If the Giants make the playoffs, Tim Lincecum will be in the their starting rotation. Don’t kid yourself. If he’s not hurt, “The Freak” will be getting the ball in October.
His 2010 postseason run, combined with the few flashes of brilliance we’ve seen this season, are all the team needs to justify such a decision.
And be sure that they’ll use it.
And be equally sure that they won’t be using Lincecum as a reliever.
Don’t laugh. Plenty of folks, seemingly sane, have suggested to me in recent weeks that Lincecum should be converted to a closer.
They’re dead serious, too. What they ought to be is committed.
In fact, the next person to float the notion of Lincecum as closer in the playoffs gets strapped to a chair in a very small, hot room into which an endless loop of various Jonas Brothers tunes will be piped.
Lincecum’s problem this season, more than anything, is the same problem that turned Barry Zito’s once-fabulous career into a sad, ironic punch line: lack of command.
What’s the least desirable quality for a closer? That would be, um, lack of command. Leadoff walks hurt in the ninth inning a heck of a lot more than they do in the first.
Thus, Lincecum will start in the playoffs, and how’s this for a bold prediction: He’ll start ahead of Ryan Vogelsong — even if their respective forms this season hold through the end of the regular season.
He’s Tim Lincecum, for crying out loud. He beat Cliff Lee to win a World Series. The debate ends there.
Not saying it’ll be the right choice, but it will be the choice.
Oh, and if you were tempted to try to bring Zito into the rotation discussion, start running now. If we catch you, we’re putting you into that same sweaty room we mentioned earlier and throwing the Jonas Brothers into it with you ... LIVE!
Zito might not even make the playoff roster. He’s been a pleasant surprise in many respects, but games like the one he had Wednesday against the lowly Houston Astros simply kill any trust he might have banked before them.
SAME AS IT EVER WAS: Never again should you allow yourself to feel even the slightest bit bad about not being more of a hockey fan.
In theory, even Bay Area natives who still haven’t even seen snowfall, much less put blade to ice, should love the sport by now.
It’s played by incredible athletes, it’s fast-paced and physical, and the local team is a perennial contender.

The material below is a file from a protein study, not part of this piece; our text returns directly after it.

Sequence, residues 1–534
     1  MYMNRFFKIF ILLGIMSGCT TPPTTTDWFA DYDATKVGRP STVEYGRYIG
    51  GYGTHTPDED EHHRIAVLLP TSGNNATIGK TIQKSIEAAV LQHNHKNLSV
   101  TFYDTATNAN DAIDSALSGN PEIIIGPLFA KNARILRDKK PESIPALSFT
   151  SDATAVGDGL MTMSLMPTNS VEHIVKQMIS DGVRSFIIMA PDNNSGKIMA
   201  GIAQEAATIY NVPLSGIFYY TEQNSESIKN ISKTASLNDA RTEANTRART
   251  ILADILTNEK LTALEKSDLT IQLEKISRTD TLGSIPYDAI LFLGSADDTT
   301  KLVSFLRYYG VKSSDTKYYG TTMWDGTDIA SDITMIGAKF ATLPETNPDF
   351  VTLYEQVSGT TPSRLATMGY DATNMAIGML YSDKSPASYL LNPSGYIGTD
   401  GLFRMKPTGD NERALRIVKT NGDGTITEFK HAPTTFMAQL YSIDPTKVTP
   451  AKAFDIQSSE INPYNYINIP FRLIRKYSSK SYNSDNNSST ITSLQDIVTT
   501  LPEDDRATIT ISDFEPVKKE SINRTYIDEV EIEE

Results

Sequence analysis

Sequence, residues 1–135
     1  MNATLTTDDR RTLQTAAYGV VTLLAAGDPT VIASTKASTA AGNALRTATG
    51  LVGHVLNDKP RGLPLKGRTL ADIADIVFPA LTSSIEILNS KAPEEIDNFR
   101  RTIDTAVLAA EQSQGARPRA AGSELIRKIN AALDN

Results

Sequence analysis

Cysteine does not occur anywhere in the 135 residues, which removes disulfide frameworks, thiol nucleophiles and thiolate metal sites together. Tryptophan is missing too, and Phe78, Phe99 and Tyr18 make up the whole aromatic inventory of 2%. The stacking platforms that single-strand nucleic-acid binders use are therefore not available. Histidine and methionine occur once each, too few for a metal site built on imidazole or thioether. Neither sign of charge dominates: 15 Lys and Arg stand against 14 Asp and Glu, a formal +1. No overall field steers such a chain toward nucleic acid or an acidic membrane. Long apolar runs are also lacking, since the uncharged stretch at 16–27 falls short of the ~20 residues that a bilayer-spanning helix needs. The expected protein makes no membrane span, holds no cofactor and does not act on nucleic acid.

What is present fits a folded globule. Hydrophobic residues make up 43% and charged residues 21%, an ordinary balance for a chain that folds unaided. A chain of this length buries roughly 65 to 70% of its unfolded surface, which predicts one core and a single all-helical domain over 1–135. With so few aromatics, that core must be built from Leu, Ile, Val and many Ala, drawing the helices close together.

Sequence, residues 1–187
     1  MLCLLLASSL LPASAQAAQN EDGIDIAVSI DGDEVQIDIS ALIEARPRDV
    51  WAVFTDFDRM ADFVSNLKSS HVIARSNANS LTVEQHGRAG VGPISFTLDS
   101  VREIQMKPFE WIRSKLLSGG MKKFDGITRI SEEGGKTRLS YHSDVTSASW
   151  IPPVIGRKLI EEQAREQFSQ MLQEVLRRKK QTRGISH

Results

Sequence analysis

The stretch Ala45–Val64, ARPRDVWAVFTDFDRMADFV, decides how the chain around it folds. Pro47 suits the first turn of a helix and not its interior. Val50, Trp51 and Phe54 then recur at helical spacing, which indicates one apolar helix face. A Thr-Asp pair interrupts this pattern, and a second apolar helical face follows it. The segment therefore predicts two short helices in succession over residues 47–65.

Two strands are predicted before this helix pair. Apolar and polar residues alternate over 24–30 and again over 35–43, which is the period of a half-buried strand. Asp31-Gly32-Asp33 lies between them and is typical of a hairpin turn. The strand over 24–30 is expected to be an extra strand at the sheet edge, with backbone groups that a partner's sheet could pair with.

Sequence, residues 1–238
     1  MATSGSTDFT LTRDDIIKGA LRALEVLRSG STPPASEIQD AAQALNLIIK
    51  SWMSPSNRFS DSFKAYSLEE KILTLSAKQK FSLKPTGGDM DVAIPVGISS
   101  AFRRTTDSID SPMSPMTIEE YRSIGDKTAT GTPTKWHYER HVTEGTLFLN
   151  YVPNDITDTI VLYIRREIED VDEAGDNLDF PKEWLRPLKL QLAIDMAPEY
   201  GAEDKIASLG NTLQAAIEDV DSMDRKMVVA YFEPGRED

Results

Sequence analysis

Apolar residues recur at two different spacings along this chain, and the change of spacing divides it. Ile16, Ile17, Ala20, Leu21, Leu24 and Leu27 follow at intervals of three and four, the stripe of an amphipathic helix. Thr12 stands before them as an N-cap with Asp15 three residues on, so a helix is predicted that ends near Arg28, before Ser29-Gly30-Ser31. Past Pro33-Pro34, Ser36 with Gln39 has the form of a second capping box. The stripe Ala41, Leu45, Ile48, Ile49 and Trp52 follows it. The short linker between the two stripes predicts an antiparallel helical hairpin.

But something always stops you from a full buy-in. There’s something inherently inept about the sport at its highest level, and here it goes again: In the wake of a damn cool Stanley Cup playoffs, and a fairly flashy offseason — Sid the Kid’s deal, Minnesota going Wild on the free-agent market — that served to stoke the interest furnace, the NHL and its players are at an impasse in collective bargaining that could very well threaten the regular season.
And again, any on-the-fence fan turns away from hockey to look elsewhere.
SPEED ROUND: Sorry, Andre Ward. Great to have a world-class boxer repping the Bay, but you’ve gotta drop “Son of God” as your nickname if you want mass appeal. “Sugar” worked. “Hit Man” was properly menacing. “Marvelous” was almost regal. “Son of God”? Just can’t see a 13-year-old in Cleveland getting behind it. ... If the A’s and Baltimore Orioles have to square off in that new wild-card do-or-die game in the American League, one of the two best stories in baseball comes to an end. Other than that, it’s getting harder and harder to find fault with that second extra playoff spot. ... Wasn’t it nice to wake up Friday morning, Niners and Raiders season ticket holders? No more exhibition games to which you were forced to buy seats to choke down. Just awful. Congrats on making it through.
Mychael Urban, a frequent co-host of “The Wheelhouse” (10 a.m.-2 p.m.) on KGMZ (95.7 FM, The Game), can be followed on Twitter @BigUrbSports. His website is UrbsUnchained.com.